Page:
J500 Media and the Environment

Reflections on a Smokestack: Musings on Life in J500 by vincemeserko
April 29, 2008, 4:12 pm
Filed under: Society + Media | Tags: , , , , ,

I was originally going to call my final post “The Death of J500 and the Rise of Burnt Orange” or something like that. I was going to perform an autopsy on the class, declare myself the leader of a new “orange movement,” unfurl a new banner with the official symbol for the movement (an eagle which would symbolize freedom) and then I’d tell you all to shop at the Big K. Instead I went with the “confessional memoir” title … so I’ll go ahead and confess. I very nearly dropped this class before it ever started. I remember sitting at home in early January and scrolling through the 347 page syllabus and thinking “hmm … perhaps I should end my collegiate career taking “introduction to dinosaurs” or “history of the Samurai” instead. I’m very very glad I hung in there. This class has been unlike anything else I’ve taken at KU. I think I’ve written that line in every “course reflection” paper I’ve ever had to do (“introduction to finite mathematics really changed my life!”) and I’m pretty sure I never actually meant it. This class had no textbooks, no formal lectures, no Powerpoint. We didn’t even use paper. We sat around a table and discussed, listened, analyzed, criticized, interrogated capitalism and learned about the intricacies of sex toys. We were lead by an instructor who didn’t claim to have all the answers and acknowledged early on that there was no truth. What the hell is this? Communism?

It was actually quite refreshing. I learn a lot better this way – when everything is up for grabs, and everything said or written is a little bit wrong in some way. That’s quite an intellectual challenge, but it was a lot more fun. As the course progressed, I found my own interests overlapping with topics from class in unexpected ways. The class blog was a great venue to illuminate those realizations. As someone who is neither outgoing nor very skilled at conversation, the blog gave me a chance to go bananas and rub shoulders with people I admire.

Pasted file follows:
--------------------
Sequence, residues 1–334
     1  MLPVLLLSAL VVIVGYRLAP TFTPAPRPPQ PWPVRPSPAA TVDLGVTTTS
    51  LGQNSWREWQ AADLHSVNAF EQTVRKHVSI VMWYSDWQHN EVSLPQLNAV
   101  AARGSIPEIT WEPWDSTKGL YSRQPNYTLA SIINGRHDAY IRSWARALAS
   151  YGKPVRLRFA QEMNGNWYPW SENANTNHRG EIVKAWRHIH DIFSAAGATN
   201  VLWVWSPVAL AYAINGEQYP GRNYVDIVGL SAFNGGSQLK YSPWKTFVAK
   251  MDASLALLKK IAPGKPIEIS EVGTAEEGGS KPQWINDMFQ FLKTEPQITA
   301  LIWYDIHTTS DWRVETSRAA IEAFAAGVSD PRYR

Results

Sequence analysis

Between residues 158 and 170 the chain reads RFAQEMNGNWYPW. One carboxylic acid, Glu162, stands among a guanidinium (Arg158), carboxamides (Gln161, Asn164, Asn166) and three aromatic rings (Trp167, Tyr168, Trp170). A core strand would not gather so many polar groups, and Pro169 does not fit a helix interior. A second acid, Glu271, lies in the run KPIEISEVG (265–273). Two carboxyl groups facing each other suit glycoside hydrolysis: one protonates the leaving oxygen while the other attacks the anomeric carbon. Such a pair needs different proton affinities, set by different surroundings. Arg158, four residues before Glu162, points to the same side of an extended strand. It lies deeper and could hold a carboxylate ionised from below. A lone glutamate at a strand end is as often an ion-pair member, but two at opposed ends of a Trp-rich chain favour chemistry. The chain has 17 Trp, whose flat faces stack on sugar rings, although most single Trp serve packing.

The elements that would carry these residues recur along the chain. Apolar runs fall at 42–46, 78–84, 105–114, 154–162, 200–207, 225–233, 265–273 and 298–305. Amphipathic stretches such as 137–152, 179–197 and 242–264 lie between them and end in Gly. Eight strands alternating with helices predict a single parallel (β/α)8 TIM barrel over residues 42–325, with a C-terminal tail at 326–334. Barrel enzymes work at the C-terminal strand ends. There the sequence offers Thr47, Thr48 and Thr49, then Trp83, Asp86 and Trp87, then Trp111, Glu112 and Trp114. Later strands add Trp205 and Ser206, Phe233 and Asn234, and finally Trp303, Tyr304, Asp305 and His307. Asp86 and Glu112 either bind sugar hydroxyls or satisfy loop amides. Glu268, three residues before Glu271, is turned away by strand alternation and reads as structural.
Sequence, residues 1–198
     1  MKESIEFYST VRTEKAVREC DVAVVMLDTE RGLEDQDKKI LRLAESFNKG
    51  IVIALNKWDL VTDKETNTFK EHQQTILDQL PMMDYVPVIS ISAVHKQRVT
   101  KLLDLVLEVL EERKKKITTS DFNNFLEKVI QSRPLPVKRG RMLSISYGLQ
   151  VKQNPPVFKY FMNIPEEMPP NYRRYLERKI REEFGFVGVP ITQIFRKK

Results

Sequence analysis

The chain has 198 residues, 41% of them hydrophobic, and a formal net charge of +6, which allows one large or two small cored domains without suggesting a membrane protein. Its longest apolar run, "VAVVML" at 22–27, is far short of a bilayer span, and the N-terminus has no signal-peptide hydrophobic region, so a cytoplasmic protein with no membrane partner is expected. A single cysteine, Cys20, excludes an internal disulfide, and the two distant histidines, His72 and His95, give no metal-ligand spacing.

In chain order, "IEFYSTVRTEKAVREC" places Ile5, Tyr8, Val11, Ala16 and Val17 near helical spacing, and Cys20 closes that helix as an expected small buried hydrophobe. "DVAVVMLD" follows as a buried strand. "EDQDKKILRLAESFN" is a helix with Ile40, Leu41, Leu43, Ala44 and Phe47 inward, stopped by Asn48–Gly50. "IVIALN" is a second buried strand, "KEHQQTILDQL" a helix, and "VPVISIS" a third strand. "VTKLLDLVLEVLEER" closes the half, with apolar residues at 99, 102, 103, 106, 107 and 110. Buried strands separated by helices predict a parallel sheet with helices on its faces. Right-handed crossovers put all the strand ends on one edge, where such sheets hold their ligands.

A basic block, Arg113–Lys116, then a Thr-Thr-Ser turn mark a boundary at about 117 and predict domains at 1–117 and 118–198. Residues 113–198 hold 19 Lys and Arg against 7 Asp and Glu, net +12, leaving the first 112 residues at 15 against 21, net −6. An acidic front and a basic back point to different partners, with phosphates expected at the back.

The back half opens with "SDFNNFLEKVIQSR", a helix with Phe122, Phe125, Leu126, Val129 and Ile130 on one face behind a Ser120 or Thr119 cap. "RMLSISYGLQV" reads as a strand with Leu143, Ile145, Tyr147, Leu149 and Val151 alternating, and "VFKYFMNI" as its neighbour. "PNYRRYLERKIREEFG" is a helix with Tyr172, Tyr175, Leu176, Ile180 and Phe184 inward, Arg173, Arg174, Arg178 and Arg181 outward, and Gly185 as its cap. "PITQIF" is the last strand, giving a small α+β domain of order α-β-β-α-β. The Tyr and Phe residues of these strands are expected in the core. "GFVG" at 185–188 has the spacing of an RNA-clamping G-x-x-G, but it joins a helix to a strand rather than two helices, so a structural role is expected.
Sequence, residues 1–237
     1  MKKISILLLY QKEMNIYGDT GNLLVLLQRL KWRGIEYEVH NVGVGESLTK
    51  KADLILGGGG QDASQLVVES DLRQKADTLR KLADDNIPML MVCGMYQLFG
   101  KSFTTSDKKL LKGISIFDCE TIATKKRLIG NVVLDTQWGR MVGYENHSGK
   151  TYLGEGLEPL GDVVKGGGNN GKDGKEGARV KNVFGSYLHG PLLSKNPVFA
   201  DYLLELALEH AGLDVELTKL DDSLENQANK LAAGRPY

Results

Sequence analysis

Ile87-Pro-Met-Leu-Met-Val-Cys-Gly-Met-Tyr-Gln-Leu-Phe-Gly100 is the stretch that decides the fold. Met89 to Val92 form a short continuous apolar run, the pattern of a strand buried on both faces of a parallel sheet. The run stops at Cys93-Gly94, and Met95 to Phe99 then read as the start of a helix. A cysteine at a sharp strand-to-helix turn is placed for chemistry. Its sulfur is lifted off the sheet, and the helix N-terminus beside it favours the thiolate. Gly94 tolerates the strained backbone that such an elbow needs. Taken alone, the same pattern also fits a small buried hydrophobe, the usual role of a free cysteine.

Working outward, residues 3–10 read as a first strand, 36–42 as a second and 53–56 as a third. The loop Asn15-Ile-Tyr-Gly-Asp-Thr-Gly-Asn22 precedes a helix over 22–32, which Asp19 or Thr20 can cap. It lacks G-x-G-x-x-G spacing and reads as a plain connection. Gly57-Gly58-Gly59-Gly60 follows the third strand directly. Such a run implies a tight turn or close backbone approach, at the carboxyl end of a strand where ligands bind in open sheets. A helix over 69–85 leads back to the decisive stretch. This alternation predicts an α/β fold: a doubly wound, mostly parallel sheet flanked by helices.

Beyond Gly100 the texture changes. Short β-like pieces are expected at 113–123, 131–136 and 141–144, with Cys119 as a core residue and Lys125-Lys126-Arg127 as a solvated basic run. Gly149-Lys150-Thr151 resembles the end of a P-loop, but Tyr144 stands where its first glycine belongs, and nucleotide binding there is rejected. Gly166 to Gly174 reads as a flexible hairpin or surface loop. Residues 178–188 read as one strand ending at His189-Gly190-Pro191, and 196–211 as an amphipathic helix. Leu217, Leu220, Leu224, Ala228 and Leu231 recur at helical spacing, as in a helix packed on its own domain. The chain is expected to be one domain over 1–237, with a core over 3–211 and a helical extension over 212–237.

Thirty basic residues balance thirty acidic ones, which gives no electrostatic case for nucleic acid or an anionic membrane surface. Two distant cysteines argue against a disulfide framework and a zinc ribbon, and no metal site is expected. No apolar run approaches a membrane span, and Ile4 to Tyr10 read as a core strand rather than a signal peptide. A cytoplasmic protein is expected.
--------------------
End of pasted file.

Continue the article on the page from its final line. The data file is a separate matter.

While Adam Werbach is an easy target for criticism, he absolutely has the right idea about how we can move forward. Environmentalism is dead – bury it with all the other -isms I say. There is no such thing as “environmental” things, only “human being” things. That’s probably the most important thing I’ll take away from this class.

Thanks to everyone. I had a great time! (begins openly weeping on keyboard).

I’ll leave you with a full YouTube version of MOFRO’s “Lochloosa” that was used in my project 2 assignment. Seems like a fitting way to close. Go see them when they come to Kansas City in July.

-Vince Meserko


4 Comments so far
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Vince, I am glad you didn’t drop the class either and dove into the social experiment that was J500 with tenacity and creativity.

Sometimes what’s hard and confusing ends up being really good and sweet (yes Mofro is my soundtrack and Lochloosa sounds like Wakarusa).

I hope this class raised more questions and leaves you a little more lucid and a little more confused. If you are able to embrace the contradictions, you will build more bridges than you can imagine.


Comment by j500